designed screen over the intake and putting radar absorbing blankets on the fuselage and
then covering the entire aircraft with a new anti-radar paint.
This still holds true today. The general public does not want to see their captured
serviceman paraded on television and used as negotiating pawns. The unmanned aircraft
will be highly supported if it will reduce the risks of our crewmembers.
The use of these Firebees for reconnaissance were given the code-name Fire Fly
which was later changed to Lightning Bug. The big benefit was now these Lightning Bugs would have a lesser
chance of being detected in heavily defended areas. This was an alternative measure
instead of risking pilots. These drones were able to create a lot of supporters in the
reconnaissance community. A big concern during combat mission especially
reconnaissance was the possibility of being shot down and captured as a prisoner of war.
Meanwhile, a highly significant incident took place that help rejuvenate the interest
in unmanned aircraft.
On May 1, 1960 Francis Gary Powers was shot down in his U-2
reconnaissance aircraft 1200 miles inside the Russian border. Powers was captured as
well as his aircraft wreckage and put on display for the world to see. This shoot down
was directly responsible for the development of the fastest and highest-flying unmanned
aircraft ever to reach operation. So with the cold war at its height, no money or effort was
spared in obtaining high quality images of important targets. Lockheeds Skunk Works
under the leadership of legendary Clarence Kelly Johnson was given the job of
developing a high-speed reconnaissance drone.
Having built and tested the 2,000 mph A-12 aircraft for the CIA and SR-71 Blackbird for the USAF, Johnson and his team
decided the only way to successfully employ such a strategic long range system was for
an air launch from the top of an A-12. It was later changed to the M-12 because it was so
designated as the mother ship. The first three test missions were successful with disaster
occurring on the forth. On release at over 2,000 mph the D-21 pitched up violently and
struck the mother ship. The two man crew ejected safely but one later drowned awaiting
rescue. Johnson and his Skunk Works team worked with the USAF on another air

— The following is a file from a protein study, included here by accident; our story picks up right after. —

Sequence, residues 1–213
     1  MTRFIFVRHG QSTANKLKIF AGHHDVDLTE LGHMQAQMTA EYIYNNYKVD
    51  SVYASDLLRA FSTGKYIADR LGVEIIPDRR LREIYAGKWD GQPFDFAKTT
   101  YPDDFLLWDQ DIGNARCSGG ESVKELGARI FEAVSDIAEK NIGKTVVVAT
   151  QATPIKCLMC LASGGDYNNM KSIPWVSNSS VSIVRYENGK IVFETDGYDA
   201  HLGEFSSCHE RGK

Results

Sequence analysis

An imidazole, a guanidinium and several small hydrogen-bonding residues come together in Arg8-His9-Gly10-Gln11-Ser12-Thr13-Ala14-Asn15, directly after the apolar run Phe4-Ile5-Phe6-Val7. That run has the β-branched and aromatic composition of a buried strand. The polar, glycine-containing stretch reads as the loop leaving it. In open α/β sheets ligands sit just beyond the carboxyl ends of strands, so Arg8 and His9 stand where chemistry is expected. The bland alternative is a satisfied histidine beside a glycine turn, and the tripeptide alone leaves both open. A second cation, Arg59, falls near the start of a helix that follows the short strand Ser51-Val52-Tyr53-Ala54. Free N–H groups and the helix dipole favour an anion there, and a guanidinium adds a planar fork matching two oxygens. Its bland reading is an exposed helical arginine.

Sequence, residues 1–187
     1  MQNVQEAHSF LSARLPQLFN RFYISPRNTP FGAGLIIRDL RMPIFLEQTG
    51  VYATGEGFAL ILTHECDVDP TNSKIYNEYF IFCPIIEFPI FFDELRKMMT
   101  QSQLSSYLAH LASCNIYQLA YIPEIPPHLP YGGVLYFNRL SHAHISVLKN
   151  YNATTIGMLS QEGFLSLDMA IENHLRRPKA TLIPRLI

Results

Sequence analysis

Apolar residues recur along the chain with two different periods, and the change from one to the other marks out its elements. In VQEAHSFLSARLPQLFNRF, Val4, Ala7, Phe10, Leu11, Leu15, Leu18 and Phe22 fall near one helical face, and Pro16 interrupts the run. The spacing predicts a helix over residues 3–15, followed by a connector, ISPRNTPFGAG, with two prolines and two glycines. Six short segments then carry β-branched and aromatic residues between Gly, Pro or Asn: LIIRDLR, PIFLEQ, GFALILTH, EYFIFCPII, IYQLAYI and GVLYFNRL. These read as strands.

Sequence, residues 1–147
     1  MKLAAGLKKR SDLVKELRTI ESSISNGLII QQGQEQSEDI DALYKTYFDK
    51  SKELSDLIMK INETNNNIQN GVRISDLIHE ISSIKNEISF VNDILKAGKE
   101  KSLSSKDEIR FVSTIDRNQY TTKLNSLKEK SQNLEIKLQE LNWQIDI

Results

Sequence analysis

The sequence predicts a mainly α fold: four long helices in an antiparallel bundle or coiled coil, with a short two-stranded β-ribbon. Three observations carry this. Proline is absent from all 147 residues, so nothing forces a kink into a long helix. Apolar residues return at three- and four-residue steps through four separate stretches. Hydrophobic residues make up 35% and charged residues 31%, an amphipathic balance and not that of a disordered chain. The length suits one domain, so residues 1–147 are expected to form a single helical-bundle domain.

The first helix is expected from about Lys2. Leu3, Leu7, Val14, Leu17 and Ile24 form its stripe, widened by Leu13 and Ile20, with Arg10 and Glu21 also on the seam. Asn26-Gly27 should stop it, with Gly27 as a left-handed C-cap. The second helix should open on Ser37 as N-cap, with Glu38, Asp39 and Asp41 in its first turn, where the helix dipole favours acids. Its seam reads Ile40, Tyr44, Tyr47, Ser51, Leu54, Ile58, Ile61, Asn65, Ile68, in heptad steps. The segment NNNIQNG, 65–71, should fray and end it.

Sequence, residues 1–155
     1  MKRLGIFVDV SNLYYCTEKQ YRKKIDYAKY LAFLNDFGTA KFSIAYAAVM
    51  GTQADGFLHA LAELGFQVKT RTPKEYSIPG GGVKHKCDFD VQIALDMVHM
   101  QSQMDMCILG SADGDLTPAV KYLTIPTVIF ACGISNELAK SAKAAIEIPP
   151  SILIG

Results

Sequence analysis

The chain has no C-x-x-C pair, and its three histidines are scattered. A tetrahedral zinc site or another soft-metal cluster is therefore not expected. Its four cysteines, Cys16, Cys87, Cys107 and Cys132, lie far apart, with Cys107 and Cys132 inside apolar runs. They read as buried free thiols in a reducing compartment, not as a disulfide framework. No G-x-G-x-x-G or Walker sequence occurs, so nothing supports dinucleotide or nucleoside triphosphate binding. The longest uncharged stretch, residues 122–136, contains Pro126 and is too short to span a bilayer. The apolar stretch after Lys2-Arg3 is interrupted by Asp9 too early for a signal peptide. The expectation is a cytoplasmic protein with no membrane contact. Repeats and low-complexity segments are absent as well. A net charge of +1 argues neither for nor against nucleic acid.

launch program from the wing of a modified B-52 aircraft. The four operational missions
flown were plagued with miscues but still deemed a successful program. The project was
officially canceled in July 1971. The D-21 never flew again, although there were
reports that National Aeronautical and Space Administration (NASA) was planning to
use it for high speed research. Some sources suggested that this was part of a front for the
mysterious high-speed project code-name
The concern of putting our crewmembers needlessly into harms way rose again after
the downing of another high valuable U-2 aircraft. This time the pilot was not as
fortunate as Gary powers. The U-2 aircraft was shot down while flying over Cuba during
the opening rounds of the Cuban missile crisis. Shortly after this incident, then
Attorney General Bobby Kennedy received a reconnaissance drone capabilities brief and
upon learning that only two systems were available in the entire Air Force, Kennedy
demanded more. One phone call to Ryan Aeronautical and the Model 147-B big wing
drone with Doppler navigation system was under way. The emphasis is to reduce the
loss of life risk for our pilots. Could this mission been done with an aircraft without a
General awareness and military interest into UAVs did not surface again until the
Israeli Air Force employed them during the October 1973 Yom Kippur War and in 1982
against Syrian missile batteries deployed in Lebanons Bekas valley. It was reported
that the Israelis used Firebees armed with Shrike anti-radar missiles to lead attacks
against Egyptian air defenses and that one Firebee was targeted by 32 surface to air
missiles before it returned safely to its base. During 1982 the Israeli Air Force again
used UAVs to fly over the Syrian deployed missile sites to gather important electronic
data. Although one Firebee once shot down, valuable electronic information was still
collected and further more there was much emphasis on the fact that there was no lose of
life. After mounting tensions, Israel launched an attack called Operation Peace for
Galilee to drive the Syrian supported Palestine Liberation Organization from Lebanon.
The UAVs work was deemed immeasurable and led to the successful attacks against the
missile sites. Overall, the Israelis were able to destroy 17 of the 19 sites detected by their
UAVs and this allowed the Israeli fighters to shoot down 85 Syrian fighters. Several
UAVs were lost but all were attributed to mechanical failure. A keynote to think about
is what price would the Israelis paid if the UAVs had not provided such critical
information. The UAVs saved lives and also prevented loss of life by being unmanned.
The Israeli success inspired then Secretary of the Navy John Lehman to push for his